RTS Craft Skills Camera Masterclass with Sophie Darlington and Christopher Titus King

Wildlife cinematographer Sophie Darlington (the BBC’s Planet Earth II and documentary feature African Cats) and director of photography Christopher Titus King, who straddles the documentary (BBC One’s Seven Ages of Britain) and drama (the History mini-series, The Bible) genres, discussed camerawork at the RTS Craft Skills Masterclasses.

James Nesbitt fronts new series exploring Grenfell Tower and other British disasters

Commissioned by A+E Networks UK, the series takes a unique and extraordinary look at some of the most impactful events to have affected Britain in the 20th and 21st centuries.

Set to air in early 2018 on History, the original six-part series will unravel the events that led to some of the most devastating disasters of the past 60 years.

RTS celebrates 90th anniversary in Yorkshire

Melvyn Bragg touring the ITV Archives with RTS Yorkshire (Credit: RTS / Paul Harness)
The RTS was founded in September 1927, following a lecture at Leeds University from one of the future inventors of television, John Logie Baird.
“Invented before TV – the RTS was always ahead of its time,” said RTS Yorkshire Chair Fiona Thompson, while introducing Bragg to a sell-out crowd at ITV’s Leeds Television Centre in late-November.
During a wide-ranging address, the veteran arts broadcaster argued: “All new inventions provoke wonder and horror; hope and fear.” Television, too, has “a dark side”.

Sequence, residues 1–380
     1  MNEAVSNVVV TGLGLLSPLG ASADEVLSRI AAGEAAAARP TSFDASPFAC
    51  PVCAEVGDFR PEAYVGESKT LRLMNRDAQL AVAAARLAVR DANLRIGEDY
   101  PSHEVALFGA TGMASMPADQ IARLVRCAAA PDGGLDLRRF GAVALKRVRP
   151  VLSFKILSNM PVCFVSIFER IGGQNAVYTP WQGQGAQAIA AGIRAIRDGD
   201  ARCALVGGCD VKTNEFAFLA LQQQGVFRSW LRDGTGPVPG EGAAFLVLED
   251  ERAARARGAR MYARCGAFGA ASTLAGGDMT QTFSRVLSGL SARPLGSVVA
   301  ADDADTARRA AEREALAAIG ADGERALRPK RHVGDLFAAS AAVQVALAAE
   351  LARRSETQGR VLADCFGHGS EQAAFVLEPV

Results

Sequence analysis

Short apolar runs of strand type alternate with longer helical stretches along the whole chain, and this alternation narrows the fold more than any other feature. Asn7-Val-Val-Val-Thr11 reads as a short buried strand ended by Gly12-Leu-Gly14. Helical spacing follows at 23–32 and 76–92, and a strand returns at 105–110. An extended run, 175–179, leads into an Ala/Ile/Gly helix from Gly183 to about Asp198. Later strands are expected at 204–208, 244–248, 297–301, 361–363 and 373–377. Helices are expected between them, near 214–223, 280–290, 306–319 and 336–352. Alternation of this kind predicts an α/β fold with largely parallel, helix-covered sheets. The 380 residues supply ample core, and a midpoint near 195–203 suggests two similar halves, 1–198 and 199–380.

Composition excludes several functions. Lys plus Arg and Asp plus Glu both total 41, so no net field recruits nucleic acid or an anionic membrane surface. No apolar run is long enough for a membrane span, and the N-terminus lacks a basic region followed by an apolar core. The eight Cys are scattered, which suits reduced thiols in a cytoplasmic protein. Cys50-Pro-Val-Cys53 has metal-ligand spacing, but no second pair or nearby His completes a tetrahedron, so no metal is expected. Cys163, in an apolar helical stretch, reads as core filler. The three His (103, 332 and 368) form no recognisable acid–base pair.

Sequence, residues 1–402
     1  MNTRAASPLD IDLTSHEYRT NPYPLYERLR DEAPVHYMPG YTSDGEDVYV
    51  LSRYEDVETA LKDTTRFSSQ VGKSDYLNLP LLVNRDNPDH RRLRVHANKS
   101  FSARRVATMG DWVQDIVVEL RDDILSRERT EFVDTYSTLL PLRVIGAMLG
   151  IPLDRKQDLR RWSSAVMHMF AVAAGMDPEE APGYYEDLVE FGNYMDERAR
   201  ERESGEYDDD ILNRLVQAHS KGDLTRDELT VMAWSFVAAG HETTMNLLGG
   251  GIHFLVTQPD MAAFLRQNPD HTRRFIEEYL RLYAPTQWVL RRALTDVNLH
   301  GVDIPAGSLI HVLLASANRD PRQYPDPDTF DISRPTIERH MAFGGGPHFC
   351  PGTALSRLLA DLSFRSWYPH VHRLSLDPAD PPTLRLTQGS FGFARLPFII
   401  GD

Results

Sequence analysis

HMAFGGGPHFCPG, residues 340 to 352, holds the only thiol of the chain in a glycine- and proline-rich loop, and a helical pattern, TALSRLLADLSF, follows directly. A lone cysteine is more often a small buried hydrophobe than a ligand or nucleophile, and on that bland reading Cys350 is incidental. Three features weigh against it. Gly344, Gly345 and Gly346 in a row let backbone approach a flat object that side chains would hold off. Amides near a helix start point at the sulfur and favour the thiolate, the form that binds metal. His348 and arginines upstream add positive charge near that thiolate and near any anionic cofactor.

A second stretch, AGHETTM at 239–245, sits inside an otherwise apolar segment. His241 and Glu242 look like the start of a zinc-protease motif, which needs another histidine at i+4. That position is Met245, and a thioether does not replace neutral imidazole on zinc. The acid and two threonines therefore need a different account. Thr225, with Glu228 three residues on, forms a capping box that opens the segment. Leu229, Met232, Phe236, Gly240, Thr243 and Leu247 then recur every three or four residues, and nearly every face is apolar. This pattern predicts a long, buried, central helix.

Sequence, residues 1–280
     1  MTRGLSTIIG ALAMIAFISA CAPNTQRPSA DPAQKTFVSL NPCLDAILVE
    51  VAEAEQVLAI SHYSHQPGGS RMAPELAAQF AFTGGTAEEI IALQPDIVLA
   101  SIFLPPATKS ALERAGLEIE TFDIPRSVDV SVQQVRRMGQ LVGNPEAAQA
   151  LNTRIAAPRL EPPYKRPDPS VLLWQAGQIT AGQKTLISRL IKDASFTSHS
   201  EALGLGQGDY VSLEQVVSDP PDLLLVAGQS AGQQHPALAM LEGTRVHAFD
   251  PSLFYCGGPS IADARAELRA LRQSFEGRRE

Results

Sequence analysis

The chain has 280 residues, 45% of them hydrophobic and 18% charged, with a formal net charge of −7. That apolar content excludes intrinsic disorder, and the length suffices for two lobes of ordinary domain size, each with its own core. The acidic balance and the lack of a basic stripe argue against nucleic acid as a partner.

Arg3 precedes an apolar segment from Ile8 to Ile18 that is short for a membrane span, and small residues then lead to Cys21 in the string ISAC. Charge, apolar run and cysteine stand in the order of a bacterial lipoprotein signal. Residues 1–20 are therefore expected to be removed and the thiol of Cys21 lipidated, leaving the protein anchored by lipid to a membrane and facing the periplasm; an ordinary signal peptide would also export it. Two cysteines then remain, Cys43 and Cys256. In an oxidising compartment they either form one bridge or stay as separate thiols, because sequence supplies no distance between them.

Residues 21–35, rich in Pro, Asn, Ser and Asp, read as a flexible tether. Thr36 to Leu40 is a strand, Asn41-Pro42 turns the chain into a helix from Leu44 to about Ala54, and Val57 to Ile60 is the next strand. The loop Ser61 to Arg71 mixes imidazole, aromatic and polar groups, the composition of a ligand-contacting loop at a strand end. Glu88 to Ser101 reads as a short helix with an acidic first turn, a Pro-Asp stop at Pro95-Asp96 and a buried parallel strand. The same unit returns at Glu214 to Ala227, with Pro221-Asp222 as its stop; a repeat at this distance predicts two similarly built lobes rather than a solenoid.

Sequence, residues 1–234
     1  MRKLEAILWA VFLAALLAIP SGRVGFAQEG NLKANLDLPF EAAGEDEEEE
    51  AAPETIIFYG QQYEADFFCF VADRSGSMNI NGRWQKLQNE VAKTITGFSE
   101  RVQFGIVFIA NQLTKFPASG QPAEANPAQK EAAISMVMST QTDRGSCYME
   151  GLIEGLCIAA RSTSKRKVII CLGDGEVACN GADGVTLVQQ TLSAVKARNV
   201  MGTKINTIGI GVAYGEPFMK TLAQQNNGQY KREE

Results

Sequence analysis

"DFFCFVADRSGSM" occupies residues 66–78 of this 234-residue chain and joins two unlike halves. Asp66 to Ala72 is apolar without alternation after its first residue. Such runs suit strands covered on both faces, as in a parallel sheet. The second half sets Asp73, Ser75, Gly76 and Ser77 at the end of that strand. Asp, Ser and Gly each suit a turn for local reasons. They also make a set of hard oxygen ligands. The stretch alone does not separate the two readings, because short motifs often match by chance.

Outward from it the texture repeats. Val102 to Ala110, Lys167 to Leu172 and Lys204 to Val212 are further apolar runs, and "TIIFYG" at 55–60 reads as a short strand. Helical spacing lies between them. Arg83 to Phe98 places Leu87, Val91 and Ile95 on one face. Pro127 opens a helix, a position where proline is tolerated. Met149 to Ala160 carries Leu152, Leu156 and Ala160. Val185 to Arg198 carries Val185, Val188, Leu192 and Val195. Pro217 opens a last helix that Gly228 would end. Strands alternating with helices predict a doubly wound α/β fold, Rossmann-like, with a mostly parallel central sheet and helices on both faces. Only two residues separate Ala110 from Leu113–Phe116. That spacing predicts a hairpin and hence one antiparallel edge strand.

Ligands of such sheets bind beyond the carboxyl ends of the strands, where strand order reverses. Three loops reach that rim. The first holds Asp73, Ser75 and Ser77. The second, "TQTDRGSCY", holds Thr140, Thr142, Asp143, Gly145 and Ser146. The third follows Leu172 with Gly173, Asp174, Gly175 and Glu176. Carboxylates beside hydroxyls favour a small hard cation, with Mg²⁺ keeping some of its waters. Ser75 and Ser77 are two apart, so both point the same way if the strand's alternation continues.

The Great History Debate | Full video

British television makes great history programmes – but not enough of them, claimed the experts at a lively RTS early evening event chaired by Sir Tony Robinson in early October.

Joining Tony on the panel were:

Leanne Klein, Chief Executive Officer, Wall to Wall
Suzannah Lipscomb, Historian/Presenter
Tom McDonald, Head of Natural History and Specialist Factual Commissioning, BBC
David Olusoga, Historian/Presenter

What does the future hold for history programming?

“Genres go through cycles and I feel a lack of confidence about the genre at the moment across British broadcasting,” argued the BBC’s history commissioner Tom McDonald.

The exec, who also commissions specialist factual and natural history shows for the BBC, praised the efforts of other broadcasters – “When Channel 4 do history they do it very well and differently to us; Channel 5 do some really fantastic history” – but he added that “the ecosystem only works if everyone is doing it.

“I don’t worry about finding the next generation of on-screen historians,” he continued.

90 years of the RTS: From acorns to great oaks

WGW Mitchell (left), who proposed what became the Television Society, served as its honorary secretary 1929-44, with John Logie Baird, preparing for a demonstration

‘Recalling the early days of television and the Society, and then looking at things today, may be rather like looking at an acorn and then the oak tree and wondering how it all happened.” WC (Bill) Fox’s words from 40 years ago, on the occasion of the Society’s 50th anniversary, illustrate what television felt like to him in 1977. The Press Association journalist was present at the start of the Society – and even at the birth of television itself, as an enthusiastic supporter of John Logie Baird.

A night at the museum

Hosted by museum director Nick Merriman and Egyptologist Campbell Price, the tour offered a behind-the-scenes look at the wealth of history held beyond the public eye at the institution in its vast archives.

Ancient Egyptian mummies, Roman ruins, jewellery and artefacts from across the globe were on display as members were given exclusive access to the inner workings of the museum while their hosts discussed the items in great detail.

A cocktail reception in the museum’s great hall ended an inspiring evening at a superb location.